You should be aware of theft liability laws, and ask your attorney how to protect yourself from the possibility of the woman taking possession of property. Theft may involve a girlfriend, someone you are living with, a wife, or other female relative, e.g., a sister-in-law.

A common way a woman takes your property is by filing a restraining order claiming domestic violence or abuse, forcing you to vacate the premises and not come near her. She is then free to take what she wants of your property under cover of the order. As possession is nine-tenths of the law you probably cannot do anything until the restraining order is dismissed and you have gone through a trial for domestic violence. Consult closely with your attorney in such situations and let him make the moves to attempt to protect and recover your property.

The likelihood that a man will prevail in such claims in a civil action is small, and the cost of a civil suit so prohibitive that it is generally not worth the bother and expense of bringing such claims unless they are combined with other pleas for relief.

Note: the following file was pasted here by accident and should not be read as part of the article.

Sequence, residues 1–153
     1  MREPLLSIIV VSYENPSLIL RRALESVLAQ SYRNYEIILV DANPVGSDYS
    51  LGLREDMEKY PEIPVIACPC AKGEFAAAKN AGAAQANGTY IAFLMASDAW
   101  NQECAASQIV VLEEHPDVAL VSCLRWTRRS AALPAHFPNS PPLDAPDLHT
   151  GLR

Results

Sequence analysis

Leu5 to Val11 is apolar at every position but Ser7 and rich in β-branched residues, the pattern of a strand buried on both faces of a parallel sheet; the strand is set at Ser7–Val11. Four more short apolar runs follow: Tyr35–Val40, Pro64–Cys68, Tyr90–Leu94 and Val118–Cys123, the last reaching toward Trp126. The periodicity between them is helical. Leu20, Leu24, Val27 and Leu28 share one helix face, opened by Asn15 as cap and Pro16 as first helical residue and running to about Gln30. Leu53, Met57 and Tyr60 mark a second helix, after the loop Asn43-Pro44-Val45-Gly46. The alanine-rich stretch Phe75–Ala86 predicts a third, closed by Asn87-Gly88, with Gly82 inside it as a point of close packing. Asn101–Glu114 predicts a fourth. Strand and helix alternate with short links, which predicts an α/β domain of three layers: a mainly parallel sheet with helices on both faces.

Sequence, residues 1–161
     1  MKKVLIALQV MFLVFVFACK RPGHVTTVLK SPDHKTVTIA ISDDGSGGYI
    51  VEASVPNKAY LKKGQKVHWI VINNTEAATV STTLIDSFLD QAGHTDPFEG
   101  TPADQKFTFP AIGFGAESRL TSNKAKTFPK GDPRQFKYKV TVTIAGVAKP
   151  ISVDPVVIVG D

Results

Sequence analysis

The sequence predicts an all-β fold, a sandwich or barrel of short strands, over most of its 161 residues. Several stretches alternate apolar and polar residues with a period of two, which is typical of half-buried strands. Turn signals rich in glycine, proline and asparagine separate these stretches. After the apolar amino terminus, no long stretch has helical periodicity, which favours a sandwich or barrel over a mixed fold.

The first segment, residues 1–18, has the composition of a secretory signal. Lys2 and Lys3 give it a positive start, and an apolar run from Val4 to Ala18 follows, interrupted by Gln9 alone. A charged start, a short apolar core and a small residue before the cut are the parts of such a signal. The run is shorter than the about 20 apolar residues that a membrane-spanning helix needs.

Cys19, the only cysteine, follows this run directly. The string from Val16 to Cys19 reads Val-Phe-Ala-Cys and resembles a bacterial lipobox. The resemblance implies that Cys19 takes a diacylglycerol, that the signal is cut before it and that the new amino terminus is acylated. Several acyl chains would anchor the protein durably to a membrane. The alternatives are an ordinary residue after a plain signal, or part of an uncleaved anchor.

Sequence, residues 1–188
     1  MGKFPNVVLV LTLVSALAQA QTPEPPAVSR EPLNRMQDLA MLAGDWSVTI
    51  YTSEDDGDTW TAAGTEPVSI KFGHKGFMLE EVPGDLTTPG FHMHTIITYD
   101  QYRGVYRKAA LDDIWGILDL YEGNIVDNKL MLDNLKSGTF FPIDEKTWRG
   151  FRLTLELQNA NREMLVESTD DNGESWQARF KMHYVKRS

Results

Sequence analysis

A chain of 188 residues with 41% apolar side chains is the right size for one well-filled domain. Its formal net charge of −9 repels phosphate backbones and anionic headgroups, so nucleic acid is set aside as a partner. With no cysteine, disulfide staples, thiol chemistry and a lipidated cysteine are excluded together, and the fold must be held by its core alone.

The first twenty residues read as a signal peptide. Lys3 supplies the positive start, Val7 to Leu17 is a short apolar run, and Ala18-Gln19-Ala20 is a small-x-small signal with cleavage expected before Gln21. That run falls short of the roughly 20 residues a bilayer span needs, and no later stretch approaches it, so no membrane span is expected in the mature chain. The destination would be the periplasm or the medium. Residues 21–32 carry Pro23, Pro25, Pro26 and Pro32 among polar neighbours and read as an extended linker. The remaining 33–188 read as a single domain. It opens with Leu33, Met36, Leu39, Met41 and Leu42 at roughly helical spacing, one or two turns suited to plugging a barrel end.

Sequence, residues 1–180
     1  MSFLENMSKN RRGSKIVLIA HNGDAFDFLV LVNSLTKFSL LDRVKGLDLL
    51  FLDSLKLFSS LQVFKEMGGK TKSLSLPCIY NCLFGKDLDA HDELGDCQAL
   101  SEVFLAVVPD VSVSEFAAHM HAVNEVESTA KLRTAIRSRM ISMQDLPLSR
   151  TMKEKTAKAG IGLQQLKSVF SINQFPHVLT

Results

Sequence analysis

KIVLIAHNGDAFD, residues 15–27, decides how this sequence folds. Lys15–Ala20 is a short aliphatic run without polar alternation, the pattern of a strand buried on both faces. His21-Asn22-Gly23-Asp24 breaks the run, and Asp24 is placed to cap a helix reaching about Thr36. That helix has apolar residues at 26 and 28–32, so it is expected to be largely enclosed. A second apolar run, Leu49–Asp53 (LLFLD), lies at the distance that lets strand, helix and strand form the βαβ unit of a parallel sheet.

If such theft involves the illicit use of credit cards, particularly by a spouse, it is unlikely that a man has cause for action.

Protection orders, criminal convictions, and collateral estoppel 2

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Collateral estoppel, or issue preclusion, bars relitigation of an issue determined in a prior proceeding if: (1) the issue precluded is identical to an issue actually determined in the prior proceeding; and (2) the party against whom estoppel is asserted has been a party to or in secret with a party in the prior proceeding; and (3) there is a final judgment on the merits in the prior proceeding; and (4) the party against whom the doctrine is asserted has had a full and fair opportunity to litigate the issue in the prior proceeding.

Generally, if the restraining orders against you have been made permanent or the domestic violence charges resulted in a guilty, or no contest, verdict, you are effectively precluded from filing a civil action against her no matter how outrageous her conduct. In fact, she could bring civil suit under tort law against you. However, if you prove your innocence then she cannot deny the existence of the charges she made against you.